by Caroline Couderc


Mother has left. Her house is empty.

I slowly walk up the hill, following the directions my father has given me. He visited her years ago, right after the divorce. I was never invited.

Its the last house, on the top of the hill,he said. You will find it easily. No other house is hidden behind bamboo.

This early in the morning, the light is very soft. Its late spring, and the sun feels mild.

Several houses are scattered over the hill. They all look similar— light wooden constructions with a lot of glass.

There is only one that stands out because the bamboo grows so high that you cannot see the house. You see slices of my mother’s house whenever the wind moves the stalks and leaves.

All the houses have stone paths that lead to their front doors, even my mother’s house. The bamboo hasn’t overgrown the path but weeds and moss cover the stones. My shoes sink into this moist cushion.

The key doesn’t turn easily; I need force to open the door. Once inside, I stand at the foot of the staircase and look into the empty hallway.

I move from room to room, amazed, admiring the airy spaces. The sunlight streaming through the bamboo gives the rooms an underwater feel.

This is where she lived. This is where she spent all these years without me.

A sparkle catches my eye. Theres a tiny, glistening object on the floor, underneath the radiator. She lost one of her perfectly round mother-of-pearl buttons that adorned all of her cardigans. I briefly feel sharp pain as I remember how the soft wool felt against my cheek and how lovely its dewy smell was, the touch and scent of my childhood.

I walk up the stairs, from corridor to guest room, from dressing room to bedroom. The bamboo gently sways in front of the bedroom windows like seaweed. Her desk has left marks on the wallpaper, darker than the rest. This is where she sat in the mornings. This is where she wrote.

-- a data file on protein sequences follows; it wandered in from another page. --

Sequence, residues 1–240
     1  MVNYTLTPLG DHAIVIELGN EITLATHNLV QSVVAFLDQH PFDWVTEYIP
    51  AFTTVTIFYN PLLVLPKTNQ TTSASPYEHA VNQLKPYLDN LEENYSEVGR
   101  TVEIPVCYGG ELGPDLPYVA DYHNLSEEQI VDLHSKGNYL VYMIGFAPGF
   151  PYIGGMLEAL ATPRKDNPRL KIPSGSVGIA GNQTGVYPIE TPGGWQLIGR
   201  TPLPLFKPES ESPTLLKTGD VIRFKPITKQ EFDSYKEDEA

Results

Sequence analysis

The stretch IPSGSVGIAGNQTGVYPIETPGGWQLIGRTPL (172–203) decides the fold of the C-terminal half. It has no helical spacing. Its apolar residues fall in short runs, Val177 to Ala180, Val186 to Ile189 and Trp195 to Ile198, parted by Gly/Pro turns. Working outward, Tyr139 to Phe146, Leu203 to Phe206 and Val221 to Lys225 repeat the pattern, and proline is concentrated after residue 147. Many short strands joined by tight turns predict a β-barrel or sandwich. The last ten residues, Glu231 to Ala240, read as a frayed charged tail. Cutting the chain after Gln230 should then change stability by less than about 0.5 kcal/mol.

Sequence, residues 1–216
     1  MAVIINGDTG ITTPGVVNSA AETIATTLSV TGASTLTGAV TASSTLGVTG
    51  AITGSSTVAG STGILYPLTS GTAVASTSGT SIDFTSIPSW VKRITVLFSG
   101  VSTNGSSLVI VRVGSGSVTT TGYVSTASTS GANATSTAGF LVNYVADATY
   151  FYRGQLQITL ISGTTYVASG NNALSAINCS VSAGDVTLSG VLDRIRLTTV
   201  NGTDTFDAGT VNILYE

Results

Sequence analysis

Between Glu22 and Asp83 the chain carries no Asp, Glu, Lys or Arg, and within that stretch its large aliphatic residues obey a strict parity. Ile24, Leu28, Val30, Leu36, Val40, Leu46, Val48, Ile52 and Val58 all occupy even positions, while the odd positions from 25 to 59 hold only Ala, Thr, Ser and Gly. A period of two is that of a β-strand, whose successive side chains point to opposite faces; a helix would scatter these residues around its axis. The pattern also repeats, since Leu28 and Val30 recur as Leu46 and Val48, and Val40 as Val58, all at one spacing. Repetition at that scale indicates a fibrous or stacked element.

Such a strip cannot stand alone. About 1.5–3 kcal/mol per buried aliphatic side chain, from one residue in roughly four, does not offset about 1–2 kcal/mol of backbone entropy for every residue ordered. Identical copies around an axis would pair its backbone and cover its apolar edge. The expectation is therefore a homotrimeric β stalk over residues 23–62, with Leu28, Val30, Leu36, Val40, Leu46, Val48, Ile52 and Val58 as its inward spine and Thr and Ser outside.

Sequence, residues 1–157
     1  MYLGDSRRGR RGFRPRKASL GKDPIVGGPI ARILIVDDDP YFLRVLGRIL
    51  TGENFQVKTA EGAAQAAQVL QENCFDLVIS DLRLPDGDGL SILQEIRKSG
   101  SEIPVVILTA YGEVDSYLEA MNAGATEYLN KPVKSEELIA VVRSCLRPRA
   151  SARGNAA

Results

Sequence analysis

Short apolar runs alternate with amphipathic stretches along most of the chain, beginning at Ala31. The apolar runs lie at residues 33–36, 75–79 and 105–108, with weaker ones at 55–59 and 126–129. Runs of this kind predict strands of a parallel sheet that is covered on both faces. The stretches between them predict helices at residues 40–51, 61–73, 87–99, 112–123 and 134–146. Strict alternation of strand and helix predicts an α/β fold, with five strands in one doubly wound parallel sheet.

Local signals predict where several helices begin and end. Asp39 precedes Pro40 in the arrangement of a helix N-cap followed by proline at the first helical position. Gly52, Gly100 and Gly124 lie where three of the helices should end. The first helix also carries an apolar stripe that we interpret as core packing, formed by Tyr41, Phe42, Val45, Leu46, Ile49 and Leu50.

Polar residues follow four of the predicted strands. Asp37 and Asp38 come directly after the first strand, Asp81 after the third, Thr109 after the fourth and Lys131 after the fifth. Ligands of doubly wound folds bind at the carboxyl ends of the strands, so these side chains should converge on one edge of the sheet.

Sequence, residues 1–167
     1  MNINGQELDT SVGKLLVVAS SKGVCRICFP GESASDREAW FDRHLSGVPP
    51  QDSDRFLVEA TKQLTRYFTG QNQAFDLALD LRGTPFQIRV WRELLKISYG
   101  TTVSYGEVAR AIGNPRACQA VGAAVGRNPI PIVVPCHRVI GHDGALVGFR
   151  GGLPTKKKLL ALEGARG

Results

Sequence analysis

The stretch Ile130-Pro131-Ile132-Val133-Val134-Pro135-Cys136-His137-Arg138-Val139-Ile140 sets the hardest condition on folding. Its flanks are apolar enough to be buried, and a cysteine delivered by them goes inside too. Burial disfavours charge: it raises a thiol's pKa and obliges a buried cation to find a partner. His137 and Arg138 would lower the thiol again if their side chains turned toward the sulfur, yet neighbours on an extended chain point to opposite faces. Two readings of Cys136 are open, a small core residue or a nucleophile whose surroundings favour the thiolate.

I found one of her diaries,my dad had told me on the phone. Do you want to read it?

I didnt want to read her diary; I only wanted to see her house.

“You will lose me if you don’t let go,” was the last thing she said to me. “I only stay as long as I want to.”

I had called her cruel because she had told me her secret but wouldn’t change her mind about it.

And then, one evening, I snuck into her old house while she was sleeping, and searched it. I never had her beauty, let alone her grace and so, unsurprisingly, I lost my footing on the landing, crashing against the glass fishnet floats that hung from the ceiling.  

She threw me out, without a word; a month later she moved away from the city.

Her bathroom is bathed in shades of sea foam, mint, and verdigris. Tiny slants of sunlight are filtered through the bamboo in front of a small window. I climb into the bathtub and imagine her lying here in the water. Was she homesick? Was she lonely? Did she really go for good?  I need to know.

That’s when I see the scale near the plughole. It’s the size of a nail, but softer. I pick it up, admiring its perfect oval shape; its flexibility and tangy scent; its coruscating colors.

Now I know.



Caroline Couderc is a multilingual writer and translator living in Switzerland and the UK. She has degrees in French Literature, Linguistics and Cultural Anthropology. Her work has been published or is forthcoming in Boston Literary Magazine, The Vignette Review, Ink in Thirds, Shotgun Honey, War, Literature and the Arts, and others. You can find her online @BeautyandtheCat and